IRS Targets Popular Estate Planning Technique


This month the IRS issued proposed regulations designed to limit, or eliminate, popular estate tax planning transactions. Estate planners all over the country have used valuation discounts as a primary tool in managing the estate tax burden. A "valuation discount" is a technique used by transferors of closely-held businesses to reduce the value of a small percentage of their ownership interest (on a per share basis), which reduces the amount of the transfer subject to tax. The basic concept is that the sum of the parts of closely-held business ownership is not the same value as the entire business enterprise. Under these proposed regulations, family limited partnerships, corporations, LLCs and similar family business entities may be subject to estate and gift tax without the benefit of valuation discounts.

These proposed regulations are designed to "close a tax loophole that certain taxpayers have long used to understate the fair market value of their assets for estate and gift purposes" according to the Treasury Department. The public is welcome to comment on these regulations; most comments so far have focused on the fact that there is no "loophole" and that the fair market value of the asset transfers are not "understated" in the first place. Click here to view the public comments.

Following are two highlights of these wide-sweeping proposed regulations.

These changes will directly limit the ability to incorporate applicable restrictions through valuation discounts, which can typically range from 15% to 40%.

If you are considering a transaction affected by these regulations, here are some planning tips to contemplate:

  1. Evaluate all provisions for liquidation and voting rights in existing family businesses, bylaws, operating agreements, voting trusts and other forms of corporate governance.

  2. Immediately create new entities to protect liability of family owned assets, which may include operating companies, real estate, investment partnerships, intellectual property protection, leasing entities, and any other forms of business organizations, such that the entity is in place before the proposed regulations are finalized.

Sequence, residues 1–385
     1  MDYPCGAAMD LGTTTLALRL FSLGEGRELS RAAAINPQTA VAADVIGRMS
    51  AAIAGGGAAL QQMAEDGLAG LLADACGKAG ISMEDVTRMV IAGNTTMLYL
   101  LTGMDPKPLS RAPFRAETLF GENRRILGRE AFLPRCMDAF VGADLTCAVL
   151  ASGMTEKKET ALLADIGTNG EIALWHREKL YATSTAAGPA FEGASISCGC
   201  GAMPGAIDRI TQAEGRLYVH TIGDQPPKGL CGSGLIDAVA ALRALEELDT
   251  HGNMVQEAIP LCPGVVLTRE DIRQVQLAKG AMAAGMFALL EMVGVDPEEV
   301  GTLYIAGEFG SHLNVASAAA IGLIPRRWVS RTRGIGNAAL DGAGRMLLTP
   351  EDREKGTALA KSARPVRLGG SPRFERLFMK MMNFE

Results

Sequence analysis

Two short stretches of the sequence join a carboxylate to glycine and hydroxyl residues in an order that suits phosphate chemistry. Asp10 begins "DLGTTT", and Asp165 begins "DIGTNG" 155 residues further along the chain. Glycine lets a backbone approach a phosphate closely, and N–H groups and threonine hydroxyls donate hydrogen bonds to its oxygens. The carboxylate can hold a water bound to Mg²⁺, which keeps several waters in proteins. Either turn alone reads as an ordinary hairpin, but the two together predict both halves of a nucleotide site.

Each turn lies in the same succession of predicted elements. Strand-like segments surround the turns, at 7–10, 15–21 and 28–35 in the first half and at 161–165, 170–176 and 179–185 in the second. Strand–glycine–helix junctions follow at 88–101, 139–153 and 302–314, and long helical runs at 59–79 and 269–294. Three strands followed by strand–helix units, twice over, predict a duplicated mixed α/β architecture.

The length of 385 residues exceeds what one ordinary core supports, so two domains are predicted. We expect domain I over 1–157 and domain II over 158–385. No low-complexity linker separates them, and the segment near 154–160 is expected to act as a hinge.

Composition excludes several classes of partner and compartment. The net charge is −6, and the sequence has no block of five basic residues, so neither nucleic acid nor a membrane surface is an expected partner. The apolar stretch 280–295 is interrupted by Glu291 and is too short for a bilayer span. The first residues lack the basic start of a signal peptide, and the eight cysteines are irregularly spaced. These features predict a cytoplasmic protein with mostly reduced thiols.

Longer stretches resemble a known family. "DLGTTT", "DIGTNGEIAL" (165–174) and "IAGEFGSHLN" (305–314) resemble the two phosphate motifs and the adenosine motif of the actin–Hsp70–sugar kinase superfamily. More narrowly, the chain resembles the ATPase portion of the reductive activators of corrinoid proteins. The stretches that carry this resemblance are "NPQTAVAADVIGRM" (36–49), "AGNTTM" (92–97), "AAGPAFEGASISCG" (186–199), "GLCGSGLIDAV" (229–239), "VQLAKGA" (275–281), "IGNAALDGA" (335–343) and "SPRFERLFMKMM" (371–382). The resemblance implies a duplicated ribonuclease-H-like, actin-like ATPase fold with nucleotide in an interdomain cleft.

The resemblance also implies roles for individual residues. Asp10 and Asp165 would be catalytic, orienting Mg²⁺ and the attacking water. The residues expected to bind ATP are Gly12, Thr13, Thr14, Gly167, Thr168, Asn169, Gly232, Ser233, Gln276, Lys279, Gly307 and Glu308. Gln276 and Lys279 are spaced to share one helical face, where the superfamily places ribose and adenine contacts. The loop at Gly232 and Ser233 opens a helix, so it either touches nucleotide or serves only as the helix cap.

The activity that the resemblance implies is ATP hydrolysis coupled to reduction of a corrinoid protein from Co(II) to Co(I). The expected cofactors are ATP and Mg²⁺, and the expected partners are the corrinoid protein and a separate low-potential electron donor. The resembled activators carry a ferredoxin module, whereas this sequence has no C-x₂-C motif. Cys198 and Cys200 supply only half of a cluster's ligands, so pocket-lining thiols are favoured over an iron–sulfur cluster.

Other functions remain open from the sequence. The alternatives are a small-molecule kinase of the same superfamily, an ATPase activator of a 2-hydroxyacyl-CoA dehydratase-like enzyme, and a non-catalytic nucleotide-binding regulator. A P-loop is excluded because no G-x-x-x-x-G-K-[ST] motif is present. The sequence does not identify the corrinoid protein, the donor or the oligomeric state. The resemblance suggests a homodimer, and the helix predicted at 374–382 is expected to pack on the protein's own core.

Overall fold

3. If transfers (i.e., gifts) are anticipated to specific assignees, make those transfers now, after evaluating the asset's tax basis and the benefit of a basis adjustment if the asset is held until death. Usually the issuance of final regulations, even non-controversial, takes years before regulations are enacted.

  4. Update your estate planning documents to adopt the so called Wandry provisions, designed to adjust the amount of a gift or bequest to a specific dollar amount. While the IRS does not like these so-called defined value clauses, the Wandry court instructed us on how to structure them appropriately.

  5. Begin discussing valuation principles for planned transfers of interest so that transferors can move quickly to make taxable transfers and file gift tax returns before the new regulations are finalized. For example, the so-called "deemed put right" is an attempt by the IRS to eliminate valuation discounts. However, basic valuation principles would mandate the imputation of a balance sheet liability to the entity if there wasn't enough working capital to pay the deemed put right, thereby reinstating a valuation discount, albeit in a different form.

In closing, it is important to note that the proposed regulations are still subject to much debate. The legislative history behind Chapter 14 is clear, "The bill does not affect minority discounts or other discounts available under present law." (Referring to the enactment of this Chapter of the Internal Revenue Code.) These proposed regulations are currently open for public comment and a hearing will be held on the regulations on December 1, 2016 in Washington D.C. Since it takes time for the proposed regulations to become final, there is still a window of planning available in 2016.


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National Law Review, Volumess VI, Number 242